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The other homecoming



“I’d like to thank my colleagues for showing up today, rather than going to a football game. I think this is more important,” said Lloyd Irvin, a member of the tribal government of the Confederated Salish, Kootenai and Pend d’Oreille tribes at a commemoration of the Hellgate Treaty of 1855. The tribes gathered at Council Groves State Park, land that was their ancestors’ home, off of Mullan Road in Missoula on Sat., Oct. 4. While much of Missoula was focused on homecoming festivities, the tribes celebrated a newly installed monument containing the full text of the Hellgate Treaty of 1855, as well as the story of the Indians involved in its signing. Several speakers described the monument as preserving an “accurate history,” as it included details of the way in which white settlers and military forced Indians out of the Bitterroot valley.

“This sign is a small step” toward telling the whole story, said Fred Matt, chairman of the tribal government.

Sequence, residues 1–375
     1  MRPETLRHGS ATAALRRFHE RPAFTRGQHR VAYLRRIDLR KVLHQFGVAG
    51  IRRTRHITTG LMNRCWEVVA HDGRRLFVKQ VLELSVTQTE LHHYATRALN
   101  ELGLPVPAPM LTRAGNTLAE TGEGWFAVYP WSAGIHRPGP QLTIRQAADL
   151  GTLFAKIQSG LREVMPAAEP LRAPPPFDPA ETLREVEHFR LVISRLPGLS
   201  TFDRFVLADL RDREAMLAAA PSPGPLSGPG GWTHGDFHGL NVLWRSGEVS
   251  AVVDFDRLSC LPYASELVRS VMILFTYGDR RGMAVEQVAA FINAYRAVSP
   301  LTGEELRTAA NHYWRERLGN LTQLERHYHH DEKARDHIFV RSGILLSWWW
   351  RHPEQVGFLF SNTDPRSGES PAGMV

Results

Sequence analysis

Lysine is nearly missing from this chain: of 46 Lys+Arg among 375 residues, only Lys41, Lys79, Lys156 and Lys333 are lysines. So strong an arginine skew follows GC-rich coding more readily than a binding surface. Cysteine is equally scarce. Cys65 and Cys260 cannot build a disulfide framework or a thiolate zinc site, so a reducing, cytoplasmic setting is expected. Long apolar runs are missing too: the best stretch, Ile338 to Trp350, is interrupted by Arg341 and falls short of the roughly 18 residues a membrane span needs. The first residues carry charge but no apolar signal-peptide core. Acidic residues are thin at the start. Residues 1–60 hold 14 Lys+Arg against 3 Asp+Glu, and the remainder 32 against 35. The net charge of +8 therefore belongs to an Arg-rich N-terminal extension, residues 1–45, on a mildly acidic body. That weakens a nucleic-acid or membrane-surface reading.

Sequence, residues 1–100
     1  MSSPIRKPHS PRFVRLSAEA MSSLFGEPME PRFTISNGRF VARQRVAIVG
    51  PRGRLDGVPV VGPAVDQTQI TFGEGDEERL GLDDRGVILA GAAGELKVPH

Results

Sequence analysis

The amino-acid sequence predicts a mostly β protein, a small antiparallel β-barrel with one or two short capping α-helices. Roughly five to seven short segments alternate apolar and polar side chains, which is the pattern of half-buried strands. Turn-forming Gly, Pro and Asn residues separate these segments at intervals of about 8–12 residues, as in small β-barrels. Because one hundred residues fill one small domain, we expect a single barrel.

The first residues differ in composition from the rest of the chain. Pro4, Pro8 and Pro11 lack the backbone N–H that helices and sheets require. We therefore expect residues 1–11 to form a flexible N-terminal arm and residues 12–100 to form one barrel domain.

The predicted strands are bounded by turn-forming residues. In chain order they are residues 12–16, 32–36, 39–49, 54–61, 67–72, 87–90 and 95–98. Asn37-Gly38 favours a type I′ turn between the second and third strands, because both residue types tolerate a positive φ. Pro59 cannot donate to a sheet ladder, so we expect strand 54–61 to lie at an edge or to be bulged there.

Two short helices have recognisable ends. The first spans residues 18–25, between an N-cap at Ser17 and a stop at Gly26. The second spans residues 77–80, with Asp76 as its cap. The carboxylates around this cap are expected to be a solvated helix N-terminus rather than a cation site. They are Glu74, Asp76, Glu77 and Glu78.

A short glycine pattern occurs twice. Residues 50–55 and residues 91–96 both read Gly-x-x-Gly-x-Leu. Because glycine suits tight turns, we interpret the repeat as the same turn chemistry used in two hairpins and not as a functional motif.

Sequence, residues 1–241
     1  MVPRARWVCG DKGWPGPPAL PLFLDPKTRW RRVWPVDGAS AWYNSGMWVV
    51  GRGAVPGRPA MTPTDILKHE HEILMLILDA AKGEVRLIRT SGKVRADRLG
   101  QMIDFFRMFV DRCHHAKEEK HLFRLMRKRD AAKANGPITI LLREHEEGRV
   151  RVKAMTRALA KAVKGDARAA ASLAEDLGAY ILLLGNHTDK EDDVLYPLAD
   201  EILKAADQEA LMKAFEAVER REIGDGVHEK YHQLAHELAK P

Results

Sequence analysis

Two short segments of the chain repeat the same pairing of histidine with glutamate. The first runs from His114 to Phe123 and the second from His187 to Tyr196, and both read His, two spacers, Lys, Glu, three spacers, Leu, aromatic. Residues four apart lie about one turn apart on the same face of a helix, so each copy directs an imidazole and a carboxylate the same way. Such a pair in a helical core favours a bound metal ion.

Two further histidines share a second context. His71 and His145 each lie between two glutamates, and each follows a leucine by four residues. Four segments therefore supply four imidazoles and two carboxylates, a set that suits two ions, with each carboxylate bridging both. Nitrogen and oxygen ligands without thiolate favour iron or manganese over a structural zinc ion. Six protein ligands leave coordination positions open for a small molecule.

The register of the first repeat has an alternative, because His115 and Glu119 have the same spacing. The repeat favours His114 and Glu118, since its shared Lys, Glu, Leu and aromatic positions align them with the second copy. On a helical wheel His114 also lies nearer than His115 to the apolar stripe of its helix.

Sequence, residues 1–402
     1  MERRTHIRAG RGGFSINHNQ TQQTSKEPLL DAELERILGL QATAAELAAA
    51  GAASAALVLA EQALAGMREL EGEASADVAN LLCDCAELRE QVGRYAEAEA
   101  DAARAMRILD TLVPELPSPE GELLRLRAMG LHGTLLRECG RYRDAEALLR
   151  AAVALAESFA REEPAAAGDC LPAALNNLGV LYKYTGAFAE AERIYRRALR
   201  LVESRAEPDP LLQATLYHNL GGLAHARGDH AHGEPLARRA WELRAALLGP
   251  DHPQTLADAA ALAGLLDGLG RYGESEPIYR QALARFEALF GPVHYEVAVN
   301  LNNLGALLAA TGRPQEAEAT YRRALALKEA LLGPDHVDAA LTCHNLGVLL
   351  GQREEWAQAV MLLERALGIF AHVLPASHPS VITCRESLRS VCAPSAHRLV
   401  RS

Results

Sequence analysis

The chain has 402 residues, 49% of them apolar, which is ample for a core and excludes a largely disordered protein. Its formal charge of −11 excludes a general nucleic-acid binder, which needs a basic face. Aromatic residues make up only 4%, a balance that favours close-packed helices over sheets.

Tribal lawyer Dan Decker addressed the crowd, saying that the Hellgate Treaty is the single most important document he uses when defending Native American sovereignty in Washington, D.C. The treaty, which was signed by Chief Victor, head of the (settler-dubbed) Flathead Nation, states that in return for ceding lands to the white settlers, the tribes would be given sovereignty over the governance of their reservation. Article 3, which has been the most litigated section, states that tribes would retain fishing and hunting rights off of their reservation on unclaimed lands in aboriginal territory.

“It’s kind of sad that we’re here today,” said Salish elder Johnny Arlee. “For the things that have happened to us, the promises that were put down in the treaty, the schools, hospitals—these have never come to pass.”

Another tribal elder, Louis Adams, said that he hopes such treaties and laws will someday no longer be necessary.

“Laws and policies are because we don’t trust each other,” Adams said. “That’s all they are.”


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